Hispanic Immigration to Arcola by Francisco Vargas
The initial wave of Hispanic immigration into Arcola is rooted in the opportunities for employment with broom manufacturing. In 1969, 7 men were recruited from Cadareyta, Mexico to come Arcola to work in the broom factories. The men shared a simple apartment overlooking Main Street and were joined later by their families in the early 1970s. This lead to a steady migration into the community as others came to Arcola to seek opportunities for their families. While the employers have diversified, many are still employed in an expanded household product industry as manufacturing expanded from simple corn brooms to the manufacturing of mops, brushes and other cleaning items. Many of the original families still have strong ties to the Arcola community, having been a part of the community’s fabric for multiple generations. In the 2010 Census, Hispanics accounted for nearly 40% of Arcola’s population and account for nearly 50% of the student population in the Arcola School District.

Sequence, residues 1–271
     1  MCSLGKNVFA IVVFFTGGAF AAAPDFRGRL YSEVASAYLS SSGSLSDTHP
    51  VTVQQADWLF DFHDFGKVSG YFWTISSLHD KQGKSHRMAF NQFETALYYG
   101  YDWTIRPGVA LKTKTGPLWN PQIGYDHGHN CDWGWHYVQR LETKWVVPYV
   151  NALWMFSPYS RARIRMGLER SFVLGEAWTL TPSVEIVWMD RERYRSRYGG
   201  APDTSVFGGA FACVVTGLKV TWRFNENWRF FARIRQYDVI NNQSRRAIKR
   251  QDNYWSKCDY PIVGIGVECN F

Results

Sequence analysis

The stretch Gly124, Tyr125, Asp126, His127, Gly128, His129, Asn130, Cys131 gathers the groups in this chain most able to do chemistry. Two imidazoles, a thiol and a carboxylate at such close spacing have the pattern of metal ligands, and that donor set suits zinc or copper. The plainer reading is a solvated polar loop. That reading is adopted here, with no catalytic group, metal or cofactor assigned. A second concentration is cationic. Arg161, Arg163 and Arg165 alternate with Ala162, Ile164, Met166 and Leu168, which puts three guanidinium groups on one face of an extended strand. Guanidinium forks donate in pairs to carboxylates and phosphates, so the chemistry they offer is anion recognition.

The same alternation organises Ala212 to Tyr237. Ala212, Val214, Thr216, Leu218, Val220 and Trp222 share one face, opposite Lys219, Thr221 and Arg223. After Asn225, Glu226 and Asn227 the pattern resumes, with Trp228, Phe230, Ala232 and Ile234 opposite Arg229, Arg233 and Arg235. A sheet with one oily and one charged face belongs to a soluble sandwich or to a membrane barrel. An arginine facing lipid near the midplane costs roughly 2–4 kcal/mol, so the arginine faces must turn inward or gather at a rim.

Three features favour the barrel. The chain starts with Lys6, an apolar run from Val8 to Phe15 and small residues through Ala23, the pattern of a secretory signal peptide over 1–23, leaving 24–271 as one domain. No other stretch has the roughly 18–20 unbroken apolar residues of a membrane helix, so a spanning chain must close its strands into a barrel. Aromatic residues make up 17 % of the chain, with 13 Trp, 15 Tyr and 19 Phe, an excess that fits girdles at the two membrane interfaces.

The mural was designed by FranCisco Vargas and painted by a team of artists under his direction including local Arcola painter, now Walldog, Annette Ferguson. Francisco was a natural selection to develop the mural. The son of migrant workers, the Fresno, CA artist has been a project leader at several Walldog events throughout the Midwest. Drawing inspiration from his California-Latino heritage, Cisco tried to blend vivid colors with classical folk art imagery in his creation honoring the artwork of Jesus Helguera, a legendary Mexican painter.